Dave Sergeant

The 52 mile Green Chain Walk, London's first long distance footpath, opened in 1977. The network links together the open spaces in the great arc of protected, undeveloped land with a total area of 4,500 acres, that sweeps around South East London from Crystal Palace to the Thames at Erith and Thamesmead. I followed the maps and guidance from the Inner London Ramblers website. Although I have walked parts before this is my project for 2024.

Sections 7, 8a and 9a - Falconwood to Chislehurst - 29th March 2024

Today's walk is an amalgamation of section 7 with a couple of the shorter sections, sections 8a and 9a, giving an overall length of around 8 miles. It also includes the first part of section 8 and a bit of section 6. You really have to do the Green Chain this way as it is a real tangle of separate routes. Good Friday allowed an earlier start though the weather forecast was not good and I nearly called it off, however in the event it was largely dry.

Section 7 - Falconwood to Mottingham

I arrived at Falconwood station around 10.30am then made my way to where section 6 enters Shepherdleas Wood. A short way further on was the start of section 7.

The first part of the walk goes through Shepherdleas Wood then Eltham Park North, pleasant woodland but quite muddy in places.

Passing Falconwood Station again and after a short bit of road walking Gravel Lane is entered which eventually reaches Bexley Road.

More pleasant woodland and then one of the original kissing gates from when the Green Chain walk was first opened in 1977.

The walk approaches Avery Hill Park which offers good views and the first glimpses of the River Shuttle.

A very muddy path. To the side are the training grounds of Charlton Athletic and players were out there practising. The walk continues through housing to emerge at New Eltham Library. Along here I met another walker who was doing the Capital Ring and we had a short chat.

The route now passes through two small parks. The first of these, Southwood Park, was found to be totally waterlogged. The second, Fairy Hill Park, was paved.

After passing Mottingham station came the first surprise of the day, The Tarn. This nine acre park surrounds the Tarn lake and is a most pleasant area with wildfowl. Near the exit is the ice house which used to supply Eltham Palace.

The path now climbs up into Eltham Palace Fields and at the top there are excellent views of the surrounding area, at the right spot no buildings can be seen anywhere. Is this really London!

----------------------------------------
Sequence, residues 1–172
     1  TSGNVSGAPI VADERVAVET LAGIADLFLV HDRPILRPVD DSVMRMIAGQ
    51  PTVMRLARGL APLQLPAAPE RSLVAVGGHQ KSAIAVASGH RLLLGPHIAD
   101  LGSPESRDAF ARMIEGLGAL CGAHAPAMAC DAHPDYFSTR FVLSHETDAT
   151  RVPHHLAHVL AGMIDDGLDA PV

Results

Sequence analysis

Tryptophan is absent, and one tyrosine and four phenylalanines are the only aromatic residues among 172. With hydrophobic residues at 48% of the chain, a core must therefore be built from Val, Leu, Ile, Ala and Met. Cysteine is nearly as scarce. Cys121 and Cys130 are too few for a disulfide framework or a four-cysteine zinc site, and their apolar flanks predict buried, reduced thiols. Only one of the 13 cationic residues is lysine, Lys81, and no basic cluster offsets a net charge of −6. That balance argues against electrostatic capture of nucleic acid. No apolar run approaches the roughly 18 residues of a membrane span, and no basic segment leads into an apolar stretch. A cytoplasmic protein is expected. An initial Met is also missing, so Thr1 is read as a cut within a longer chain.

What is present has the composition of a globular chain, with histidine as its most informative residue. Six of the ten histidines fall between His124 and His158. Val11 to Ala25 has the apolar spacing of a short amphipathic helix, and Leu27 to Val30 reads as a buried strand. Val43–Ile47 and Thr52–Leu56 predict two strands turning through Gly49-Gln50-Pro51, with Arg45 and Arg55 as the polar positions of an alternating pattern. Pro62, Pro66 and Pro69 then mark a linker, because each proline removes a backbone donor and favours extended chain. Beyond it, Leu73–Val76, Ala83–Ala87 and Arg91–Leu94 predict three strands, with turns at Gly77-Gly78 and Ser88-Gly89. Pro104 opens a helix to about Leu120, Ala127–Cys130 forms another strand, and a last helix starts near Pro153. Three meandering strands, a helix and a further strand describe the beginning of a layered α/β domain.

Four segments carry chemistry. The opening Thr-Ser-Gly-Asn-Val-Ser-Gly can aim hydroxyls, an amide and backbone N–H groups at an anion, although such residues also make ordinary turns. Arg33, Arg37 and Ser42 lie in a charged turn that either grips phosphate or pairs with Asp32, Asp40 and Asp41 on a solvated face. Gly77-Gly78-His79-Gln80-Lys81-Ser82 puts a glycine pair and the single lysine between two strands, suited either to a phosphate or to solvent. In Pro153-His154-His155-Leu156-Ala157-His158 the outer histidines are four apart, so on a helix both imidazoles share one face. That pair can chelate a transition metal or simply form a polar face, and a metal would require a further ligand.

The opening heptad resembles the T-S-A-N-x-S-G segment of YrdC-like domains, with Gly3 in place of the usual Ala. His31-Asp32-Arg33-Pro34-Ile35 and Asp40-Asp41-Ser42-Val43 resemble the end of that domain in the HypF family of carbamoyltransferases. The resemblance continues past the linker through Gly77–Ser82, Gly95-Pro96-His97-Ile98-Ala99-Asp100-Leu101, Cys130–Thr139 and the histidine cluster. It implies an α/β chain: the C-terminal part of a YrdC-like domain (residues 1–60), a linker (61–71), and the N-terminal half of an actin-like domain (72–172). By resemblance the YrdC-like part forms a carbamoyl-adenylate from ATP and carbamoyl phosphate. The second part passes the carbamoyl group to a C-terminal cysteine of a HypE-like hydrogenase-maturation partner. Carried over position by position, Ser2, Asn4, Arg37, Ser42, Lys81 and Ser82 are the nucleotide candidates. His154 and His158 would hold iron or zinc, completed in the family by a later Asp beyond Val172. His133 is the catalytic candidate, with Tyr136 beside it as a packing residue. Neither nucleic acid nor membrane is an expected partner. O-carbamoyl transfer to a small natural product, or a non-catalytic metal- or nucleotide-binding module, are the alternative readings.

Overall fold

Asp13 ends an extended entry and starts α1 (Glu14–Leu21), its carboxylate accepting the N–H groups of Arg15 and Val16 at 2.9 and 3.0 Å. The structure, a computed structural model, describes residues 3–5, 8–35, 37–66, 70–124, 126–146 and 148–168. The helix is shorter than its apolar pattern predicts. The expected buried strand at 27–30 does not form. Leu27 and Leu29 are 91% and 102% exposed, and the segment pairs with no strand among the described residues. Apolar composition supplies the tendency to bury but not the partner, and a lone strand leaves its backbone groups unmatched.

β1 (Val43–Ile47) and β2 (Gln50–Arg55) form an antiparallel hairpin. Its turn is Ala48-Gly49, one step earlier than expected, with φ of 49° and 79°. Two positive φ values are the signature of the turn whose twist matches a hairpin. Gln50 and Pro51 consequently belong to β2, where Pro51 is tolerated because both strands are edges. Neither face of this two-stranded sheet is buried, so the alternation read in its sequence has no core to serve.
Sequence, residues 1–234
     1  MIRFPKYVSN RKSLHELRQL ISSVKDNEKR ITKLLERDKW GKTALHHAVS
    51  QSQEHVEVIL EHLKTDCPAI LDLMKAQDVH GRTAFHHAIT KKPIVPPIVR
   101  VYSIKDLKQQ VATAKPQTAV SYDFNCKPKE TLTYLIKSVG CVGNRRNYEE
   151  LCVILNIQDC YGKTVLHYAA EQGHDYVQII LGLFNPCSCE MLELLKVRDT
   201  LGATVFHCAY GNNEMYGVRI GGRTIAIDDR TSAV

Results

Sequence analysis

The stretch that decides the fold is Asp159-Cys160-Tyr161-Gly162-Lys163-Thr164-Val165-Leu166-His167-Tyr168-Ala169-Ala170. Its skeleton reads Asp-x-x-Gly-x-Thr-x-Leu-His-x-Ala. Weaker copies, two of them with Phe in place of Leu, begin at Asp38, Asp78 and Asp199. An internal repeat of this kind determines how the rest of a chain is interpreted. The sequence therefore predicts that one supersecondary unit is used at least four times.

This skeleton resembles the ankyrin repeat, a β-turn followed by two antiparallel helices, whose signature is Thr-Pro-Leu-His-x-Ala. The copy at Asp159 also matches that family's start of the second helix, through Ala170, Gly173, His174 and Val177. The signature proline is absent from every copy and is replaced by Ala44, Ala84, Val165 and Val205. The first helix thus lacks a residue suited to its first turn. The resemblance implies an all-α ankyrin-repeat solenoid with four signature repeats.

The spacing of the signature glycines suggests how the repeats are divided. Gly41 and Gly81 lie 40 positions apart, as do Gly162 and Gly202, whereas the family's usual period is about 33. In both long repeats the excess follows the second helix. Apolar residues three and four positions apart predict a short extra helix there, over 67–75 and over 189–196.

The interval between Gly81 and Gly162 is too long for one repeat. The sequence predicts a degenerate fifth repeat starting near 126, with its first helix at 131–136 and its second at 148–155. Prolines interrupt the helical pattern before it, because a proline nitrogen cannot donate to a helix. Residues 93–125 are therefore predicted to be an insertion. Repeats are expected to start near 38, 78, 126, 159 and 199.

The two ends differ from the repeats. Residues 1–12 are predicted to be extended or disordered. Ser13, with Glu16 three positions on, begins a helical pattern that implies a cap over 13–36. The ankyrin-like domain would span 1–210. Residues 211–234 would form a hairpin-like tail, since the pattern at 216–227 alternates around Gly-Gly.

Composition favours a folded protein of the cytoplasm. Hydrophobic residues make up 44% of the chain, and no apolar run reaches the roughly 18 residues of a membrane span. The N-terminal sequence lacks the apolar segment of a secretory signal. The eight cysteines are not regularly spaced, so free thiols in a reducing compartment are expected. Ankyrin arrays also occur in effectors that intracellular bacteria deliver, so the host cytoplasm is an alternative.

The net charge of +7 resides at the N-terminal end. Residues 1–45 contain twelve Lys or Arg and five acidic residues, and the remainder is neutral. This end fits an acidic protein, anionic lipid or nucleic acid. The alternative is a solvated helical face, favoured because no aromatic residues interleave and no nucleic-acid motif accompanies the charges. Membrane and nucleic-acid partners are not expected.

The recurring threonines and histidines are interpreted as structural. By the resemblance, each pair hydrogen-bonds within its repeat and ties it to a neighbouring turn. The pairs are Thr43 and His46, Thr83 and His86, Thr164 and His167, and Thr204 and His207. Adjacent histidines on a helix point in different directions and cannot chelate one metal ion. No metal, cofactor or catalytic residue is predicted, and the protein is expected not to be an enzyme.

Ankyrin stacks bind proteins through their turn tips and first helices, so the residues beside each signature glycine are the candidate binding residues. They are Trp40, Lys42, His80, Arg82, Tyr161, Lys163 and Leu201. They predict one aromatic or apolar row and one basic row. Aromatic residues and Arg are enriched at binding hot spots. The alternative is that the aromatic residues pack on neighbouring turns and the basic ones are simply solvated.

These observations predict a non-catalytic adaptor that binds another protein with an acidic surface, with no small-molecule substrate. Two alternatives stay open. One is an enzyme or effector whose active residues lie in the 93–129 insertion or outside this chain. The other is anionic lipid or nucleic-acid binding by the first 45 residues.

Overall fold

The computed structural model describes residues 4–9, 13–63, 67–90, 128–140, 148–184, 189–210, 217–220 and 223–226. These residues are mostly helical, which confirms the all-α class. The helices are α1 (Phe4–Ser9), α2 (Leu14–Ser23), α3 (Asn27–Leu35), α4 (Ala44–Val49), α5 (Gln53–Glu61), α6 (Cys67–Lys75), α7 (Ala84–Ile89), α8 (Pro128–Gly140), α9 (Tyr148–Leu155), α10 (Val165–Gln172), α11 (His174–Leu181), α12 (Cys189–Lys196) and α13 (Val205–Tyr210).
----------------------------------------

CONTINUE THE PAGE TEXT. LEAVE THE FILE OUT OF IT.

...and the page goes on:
At the top is a donkey enclosure and a couple of donkeys were enjoying their straw feed. Then into King John's Walk and the route of section 6 is followed across the railway to its end in Mottingham.

Section 8a - Mottingham to Elmstead Wood

On Mottingham Lane is the junction of sections 6, 8 and 9. I first followed section 8 along the lane, passing the riding school with its old buildings before turning off on a track which runs past the grounds of Eltham College.

The muddy track continues for a while then reaches the River Quaggy, in a concrete channel at this point.

The track emerges on Marvels Lane where section 8a begins. The route follows the Quaggy for a while, still in its concrete channel.

Chinbrook Meadows is entered, a large park and the Quaggy now flows as a proper river. Turning away from the meadows, and approaching the railway line, there is quite a steep climb and this path was particularly muddy. I slipped and fell a couple of times but the only damage was the mud on my clothes.

Reaching the top of the climb a welcome signpost marks the end of the short section 8a and the start of section 9a. This continues into Elmstead Wood, originally elm trees but now largely oak trees.

Section 9a - Elmstead Wood to Chislehurst

The route passes Grove Park Cemetery then heads deep into the woods, which fortunately is much drier under foot.

The path emerges from the woods into Elmstead Lane then into the long Cow Path. Through Hangingspring wood to enter open parkland.

I am given a warm welcome as I enter the park. And another Green Chain signpost.

Then more woodland, Whytes Woodland. Emerging from here Chislehurst and its church comes into view.

Chislehurst Church and the pond which marks the end of section 9a. I stopped for lunch in the adjacent Queens Head then made my way to Chislehurst station, about a mile away, and the train back to Waterloo and home. Around 8 or 9 miles walked today and very enjoyable it was as well.

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